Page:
A few of these old settler roads eventually became the hiking trails we use today. If you hike along the Old Sugarlands Trail, the Little River Trail or the Miegs Mountain Trail, you will be walking on some of the same roads used by the pioneers and homesteaders of this area.

Some of the trails we use today were blazed by one pioneer in particular.

Wiley Oakley, also known as the “Roamin Man of the Mountains”, was born in 1885 at the base of Mount LeConte. Tragically, his mother died when he was a young boy. To help deal with his grief, he began wandering the hollows and mountains near his home. Reflecting back as an older man, he spoke of how he would try to climb the highest peaks to see if he could catch a glimpse of her in heaven.

As he grew older, Wiley’s responsibilities also grew. At sill a relatively young age he began helping the family with hunting and fishing duties. It was during this time that he spent “roamin” and hunting that he was discovering the unique features of the mountains and was even blazing his own footpaths. Eventually he became a hunting and fishing guide, and gained such a renowned reputation that he was soon guiding politicians, celebrities and businessmen from all over the country, including Henry Ford.

During the Park’s formation, Wiley became a major consultant and was called on by surveyors to help determine Park boundaries. Some of those paths he blazed earlier in his life eventually became official park trails.

Another early explorer by the name of Paul Adams is credited with blazing the trail above Alum Cave up to Mount LeConte, as well as for helping to establish the famous lodge atop that same mountain.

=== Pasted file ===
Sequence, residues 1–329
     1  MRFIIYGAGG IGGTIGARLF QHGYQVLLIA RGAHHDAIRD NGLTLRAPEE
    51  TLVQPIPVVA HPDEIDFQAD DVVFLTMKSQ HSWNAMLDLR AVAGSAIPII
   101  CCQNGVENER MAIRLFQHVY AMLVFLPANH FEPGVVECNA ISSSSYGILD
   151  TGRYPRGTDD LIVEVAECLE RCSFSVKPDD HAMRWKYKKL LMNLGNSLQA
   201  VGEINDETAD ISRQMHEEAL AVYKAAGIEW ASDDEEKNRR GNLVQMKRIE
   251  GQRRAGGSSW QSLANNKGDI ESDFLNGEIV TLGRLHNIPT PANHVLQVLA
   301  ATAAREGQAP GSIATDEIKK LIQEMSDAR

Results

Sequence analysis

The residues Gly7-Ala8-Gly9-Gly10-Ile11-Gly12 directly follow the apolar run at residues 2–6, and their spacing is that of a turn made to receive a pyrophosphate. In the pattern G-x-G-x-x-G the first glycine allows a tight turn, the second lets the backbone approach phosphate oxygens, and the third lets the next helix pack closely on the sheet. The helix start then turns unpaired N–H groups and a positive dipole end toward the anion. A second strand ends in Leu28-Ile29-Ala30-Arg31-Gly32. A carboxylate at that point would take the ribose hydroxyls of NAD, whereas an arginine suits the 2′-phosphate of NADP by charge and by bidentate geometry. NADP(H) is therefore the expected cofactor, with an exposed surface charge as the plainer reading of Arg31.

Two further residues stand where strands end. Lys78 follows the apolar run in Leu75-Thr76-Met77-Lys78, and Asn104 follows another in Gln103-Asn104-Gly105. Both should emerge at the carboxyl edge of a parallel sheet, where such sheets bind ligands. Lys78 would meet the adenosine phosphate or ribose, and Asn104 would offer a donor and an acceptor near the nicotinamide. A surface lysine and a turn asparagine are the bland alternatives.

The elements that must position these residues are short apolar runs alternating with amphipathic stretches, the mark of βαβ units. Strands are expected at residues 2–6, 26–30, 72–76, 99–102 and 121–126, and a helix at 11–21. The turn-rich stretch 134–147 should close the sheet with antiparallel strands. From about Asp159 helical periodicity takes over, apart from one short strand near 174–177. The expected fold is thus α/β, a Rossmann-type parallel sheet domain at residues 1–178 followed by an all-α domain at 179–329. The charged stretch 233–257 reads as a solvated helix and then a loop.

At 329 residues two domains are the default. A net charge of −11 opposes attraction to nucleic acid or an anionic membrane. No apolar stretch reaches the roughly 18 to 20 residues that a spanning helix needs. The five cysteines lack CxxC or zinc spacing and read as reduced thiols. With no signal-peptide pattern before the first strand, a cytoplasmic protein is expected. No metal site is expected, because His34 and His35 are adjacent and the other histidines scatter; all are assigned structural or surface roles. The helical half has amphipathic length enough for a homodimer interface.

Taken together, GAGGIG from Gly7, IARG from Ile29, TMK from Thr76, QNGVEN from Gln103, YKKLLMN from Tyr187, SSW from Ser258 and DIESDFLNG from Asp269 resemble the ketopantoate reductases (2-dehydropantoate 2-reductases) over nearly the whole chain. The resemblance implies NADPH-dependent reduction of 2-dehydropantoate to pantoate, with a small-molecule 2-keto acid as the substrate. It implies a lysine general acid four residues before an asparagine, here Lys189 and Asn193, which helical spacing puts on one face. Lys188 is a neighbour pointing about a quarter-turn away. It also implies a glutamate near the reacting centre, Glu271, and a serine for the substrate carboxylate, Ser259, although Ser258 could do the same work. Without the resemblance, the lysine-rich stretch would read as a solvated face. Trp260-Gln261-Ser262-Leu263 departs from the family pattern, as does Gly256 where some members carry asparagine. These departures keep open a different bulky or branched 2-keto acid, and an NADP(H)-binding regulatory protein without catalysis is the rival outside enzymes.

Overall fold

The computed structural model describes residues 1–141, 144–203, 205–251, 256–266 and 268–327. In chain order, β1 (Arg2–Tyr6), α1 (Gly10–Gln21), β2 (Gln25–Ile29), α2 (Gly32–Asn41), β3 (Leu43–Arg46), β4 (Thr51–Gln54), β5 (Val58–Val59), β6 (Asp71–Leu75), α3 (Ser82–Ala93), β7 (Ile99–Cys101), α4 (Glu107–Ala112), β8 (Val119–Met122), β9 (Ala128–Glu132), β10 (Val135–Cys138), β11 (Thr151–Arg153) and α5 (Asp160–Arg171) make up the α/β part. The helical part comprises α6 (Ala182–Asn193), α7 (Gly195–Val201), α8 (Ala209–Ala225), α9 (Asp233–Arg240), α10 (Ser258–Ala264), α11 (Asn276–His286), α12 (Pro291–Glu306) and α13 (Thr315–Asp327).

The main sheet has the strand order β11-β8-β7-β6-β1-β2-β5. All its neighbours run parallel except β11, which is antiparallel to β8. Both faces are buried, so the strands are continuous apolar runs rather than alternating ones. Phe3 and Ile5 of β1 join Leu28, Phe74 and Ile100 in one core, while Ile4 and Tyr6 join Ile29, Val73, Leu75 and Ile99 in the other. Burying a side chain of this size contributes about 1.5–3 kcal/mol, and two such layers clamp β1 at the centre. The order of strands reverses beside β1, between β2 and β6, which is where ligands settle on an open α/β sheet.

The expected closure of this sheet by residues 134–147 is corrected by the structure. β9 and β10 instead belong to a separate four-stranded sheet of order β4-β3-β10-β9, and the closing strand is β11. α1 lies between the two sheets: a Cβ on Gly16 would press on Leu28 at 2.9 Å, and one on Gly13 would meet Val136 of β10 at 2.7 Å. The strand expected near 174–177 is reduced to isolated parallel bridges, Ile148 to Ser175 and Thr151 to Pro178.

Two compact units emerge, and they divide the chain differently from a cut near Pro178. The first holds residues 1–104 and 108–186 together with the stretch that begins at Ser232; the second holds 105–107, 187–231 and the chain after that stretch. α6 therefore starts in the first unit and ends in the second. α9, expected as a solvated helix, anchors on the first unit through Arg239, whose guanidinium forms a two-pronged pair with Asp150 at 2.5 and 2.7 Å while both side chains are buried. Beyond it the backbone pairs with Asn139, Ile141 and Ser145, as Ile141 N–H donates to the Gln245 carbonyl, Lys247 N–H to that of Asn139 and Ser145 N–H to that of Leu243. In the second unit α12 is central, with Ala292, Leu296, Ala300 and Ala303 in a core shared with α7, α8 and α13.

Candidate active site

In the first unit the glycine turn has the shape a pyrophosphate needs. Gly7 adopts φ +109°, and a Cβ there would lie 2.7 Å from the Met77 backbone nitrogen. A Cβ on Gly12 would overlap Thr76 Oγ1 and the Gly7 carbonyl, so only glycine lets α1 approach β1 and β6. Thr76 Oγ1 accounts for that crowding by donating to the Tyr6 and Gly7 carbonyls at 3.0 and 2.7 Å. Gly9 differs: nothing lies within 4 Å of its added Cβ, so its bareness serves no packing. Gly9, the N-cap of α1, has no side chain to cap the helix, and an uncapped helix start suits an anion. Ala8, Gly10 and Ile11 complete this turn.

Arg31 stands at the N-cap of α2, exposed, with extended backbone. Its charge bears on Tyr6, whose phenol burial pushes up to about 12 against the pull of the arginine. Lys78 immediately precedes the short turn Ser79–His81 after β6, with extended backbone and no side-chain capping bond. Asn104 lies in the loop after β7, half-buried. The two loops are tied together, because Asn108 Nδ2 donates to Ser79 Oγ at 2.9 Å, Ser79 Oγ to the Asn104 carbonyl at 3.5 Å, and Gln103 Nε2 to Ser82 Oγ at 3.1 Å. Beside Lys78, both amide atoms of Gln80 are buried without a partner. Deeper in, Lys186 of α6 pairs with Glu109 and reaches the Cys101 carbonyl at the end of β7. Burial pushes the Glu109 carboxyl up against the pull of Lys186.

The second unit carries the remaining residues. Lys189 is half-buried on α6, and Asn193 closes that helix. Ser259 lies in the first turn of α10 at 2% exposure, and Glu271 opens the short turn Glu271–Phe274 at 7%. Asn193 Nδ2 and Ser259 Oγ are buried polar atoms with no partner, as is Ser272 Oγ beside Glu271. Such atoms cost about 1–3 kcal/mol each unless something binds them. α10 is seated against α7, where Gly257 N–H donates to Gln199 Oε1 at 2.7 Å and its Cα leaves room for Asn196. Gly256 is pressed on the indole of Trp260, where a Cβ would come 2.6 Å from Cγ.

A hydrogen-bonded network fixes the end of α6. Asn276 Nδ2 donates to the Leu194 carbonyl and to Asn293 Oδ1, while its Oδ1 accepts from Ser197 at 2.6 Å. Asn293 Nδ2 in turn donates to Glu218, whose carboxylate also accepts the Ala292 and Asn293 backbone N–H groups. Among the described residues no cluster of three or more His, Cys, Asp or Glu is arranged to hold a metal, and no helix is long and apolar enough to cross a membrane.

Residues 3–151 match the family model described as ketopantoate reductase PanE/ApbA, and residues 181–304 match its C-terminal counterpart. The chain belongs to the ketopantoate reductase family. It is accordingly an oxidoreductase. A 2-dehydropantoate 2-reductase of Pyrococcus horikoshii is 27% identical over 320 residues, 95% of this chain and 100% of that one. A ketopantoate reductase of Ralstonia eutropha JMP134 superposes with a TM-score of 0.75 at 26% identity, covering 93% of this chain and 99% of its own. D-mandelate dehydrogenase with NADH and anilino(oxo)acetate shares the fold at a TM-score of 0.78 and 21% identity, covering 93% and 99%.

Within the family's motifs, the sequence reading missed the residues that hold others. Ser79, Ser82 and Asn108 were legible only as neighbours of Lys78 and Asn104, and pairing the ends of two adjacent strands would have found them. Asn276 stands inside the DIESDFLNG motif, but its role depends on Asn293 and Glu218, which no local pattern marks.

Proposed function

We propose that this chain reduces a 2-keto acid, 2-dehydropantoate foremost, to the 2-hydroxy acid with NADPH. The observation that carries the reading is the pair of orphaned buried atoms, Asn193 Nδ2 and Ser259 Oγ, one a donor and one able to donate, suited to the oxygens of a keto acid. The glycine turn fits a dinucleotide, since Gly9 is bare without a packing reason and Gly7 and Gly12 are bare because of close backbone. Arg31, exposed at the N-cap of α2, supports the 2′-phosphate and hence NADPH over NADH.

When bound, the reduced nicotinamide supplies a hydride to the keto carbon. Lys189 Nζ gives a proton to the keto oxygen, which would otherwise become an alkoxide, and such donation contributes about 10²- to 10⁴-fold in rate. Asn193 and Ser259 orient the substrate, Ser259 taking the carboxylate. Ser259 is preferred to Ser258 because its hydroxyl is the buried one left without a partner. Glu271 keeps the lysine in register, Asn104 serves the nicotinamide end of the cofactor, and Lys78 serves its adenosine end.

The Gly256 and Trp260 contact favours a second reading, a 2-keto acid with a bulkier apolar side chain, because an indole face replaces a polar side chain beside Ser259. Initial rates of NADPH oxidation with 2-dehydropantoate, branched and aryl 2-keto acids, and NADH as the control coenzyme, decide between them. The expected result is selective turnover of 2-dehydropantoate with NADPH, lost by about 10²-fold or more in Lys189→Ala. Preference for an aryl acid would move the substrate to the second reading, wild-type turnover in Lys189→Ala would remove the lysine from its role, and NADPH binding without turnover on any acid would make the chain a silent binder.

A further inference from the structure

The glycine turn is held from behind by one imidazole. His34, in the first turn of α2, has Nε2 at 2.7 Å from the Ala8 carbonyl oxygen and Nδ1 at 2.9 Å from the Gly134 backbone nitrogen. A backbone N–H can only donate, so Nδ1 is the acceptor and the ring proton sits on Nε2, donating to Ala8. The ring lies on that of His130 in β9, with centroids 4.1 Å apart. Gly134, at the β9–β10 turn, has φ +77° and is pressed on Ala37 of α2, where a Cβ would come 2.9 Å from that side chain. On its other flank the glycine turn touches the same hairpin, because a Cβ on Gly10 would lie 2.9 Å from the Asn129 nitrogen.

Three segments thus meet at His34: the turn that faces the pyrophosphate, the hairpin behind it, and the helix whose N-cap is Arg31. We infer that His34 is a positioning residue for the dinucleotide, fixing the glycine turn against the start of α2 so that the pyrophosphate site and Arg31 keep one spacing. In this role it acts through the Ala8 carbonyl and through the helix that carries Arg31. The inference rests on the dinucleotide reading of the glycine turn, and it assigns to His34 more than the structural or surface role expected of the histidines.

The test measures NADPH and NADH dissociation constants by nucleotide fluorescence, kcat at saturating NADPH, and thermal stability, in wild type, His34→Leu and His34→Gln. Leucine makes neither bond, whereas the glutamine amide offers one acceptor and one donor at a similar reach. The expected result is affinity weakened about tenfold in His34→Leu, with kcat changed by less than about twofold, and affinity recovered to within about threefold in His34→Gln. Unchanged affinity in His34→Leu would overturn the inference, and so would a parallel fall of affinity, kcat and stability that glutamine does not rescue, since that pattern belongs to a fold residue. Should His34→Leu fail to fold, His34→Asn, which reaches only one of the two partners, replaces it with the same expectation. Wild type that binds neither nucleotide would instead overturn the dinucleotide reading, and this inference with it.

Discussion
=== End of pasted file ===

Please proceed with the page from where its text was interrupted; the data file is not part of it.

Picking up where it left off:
Adams, an avid hiker, joined the Great Smoky Mountain Conservation Association in 1924. The association was a group dedicated to making the Smoky Mountains into a national park. Later that same year, Adams led an expedition to the top of Mount LeConte for the purpose of showing Washington dignitaries the rugged beauty of the Smoky Mountains and to help promote the cause for national park status. The delegation spent the night in a large tent. The following year Adams would build a cabin on that same spot which eventually led to the establishment of the LeConte Lodge.

As we’ve seen, several of the hiking trails in the Smoky Mountains follow all or parts of the routes developed by migrating animals, Indians, pioneers and explorers, however, the majority of trails still in use today were developed by the Civilian Conservation Corps (CCC).

The CCC was a work relief program established in 1933 by President Franklin D. Roosevelt. As part of Roosevelt’s New Deal legislation, the CCC was created to combat unemployment during the Great Depression. Between 1933 and 1942, the CCC used 4000 men to build trails, campgrounds, bridges and ranger stations in the Smokies.

Since the early days of the Park, various hiking clubs have worked to improve the original CCC trails, and in some cases, construct new ones. One of those trails, the granddaddy of all trails, is the Appalachian Trail.

The Appalachian Trail, also known as the AT, runs for 70 miles through Smoky Mountains National Park, entering from the north at Davenport Gap and exiting in the south near Fontana Dam. The highest point anywhere along the 2158 mile trail is at Clingmans Dome (6625 ft.). The trail also passes by other notable landmarks in the Smokies such as Charlies Bunion, Rocky Top and Icewater Spring.

Although the AT was the brainchild of Benton MacKaye, cofounder of The Wilderness Society, it was Harvey Broome and Paul Fink that made it a reality in the Smokies.

Harvey Broome was an early environmentalist, another one of the cofounders of The Wilderness Society, and a longtime president of the Smoky Mountains Hiking Club. He, along with seven others, hiked the 70 miles of AT through the Park in 1932, before the trail was completed. He was largely responsible for sighting most of the AT thru the Park.

Paul Fink, another leader of the movement that led to the founding of the Great Smoky Mountains National Park, was also instrumental in blazing the AT through the Smokies. Fink was a member of the Board of Managers of the Appalachian Trail from 1925 to 1949 and was the author of “Backpacking Was the Only Way”, an account of early 20th century camping and backpacking adventures in the southern Appalachians.

Over the years, the Park has closed certain trails for various reasons. In the future, it’s likely that other trails will be closed and new ones will be created, demonstrating that the Park isn’t static, but is a Park that continues to evolve.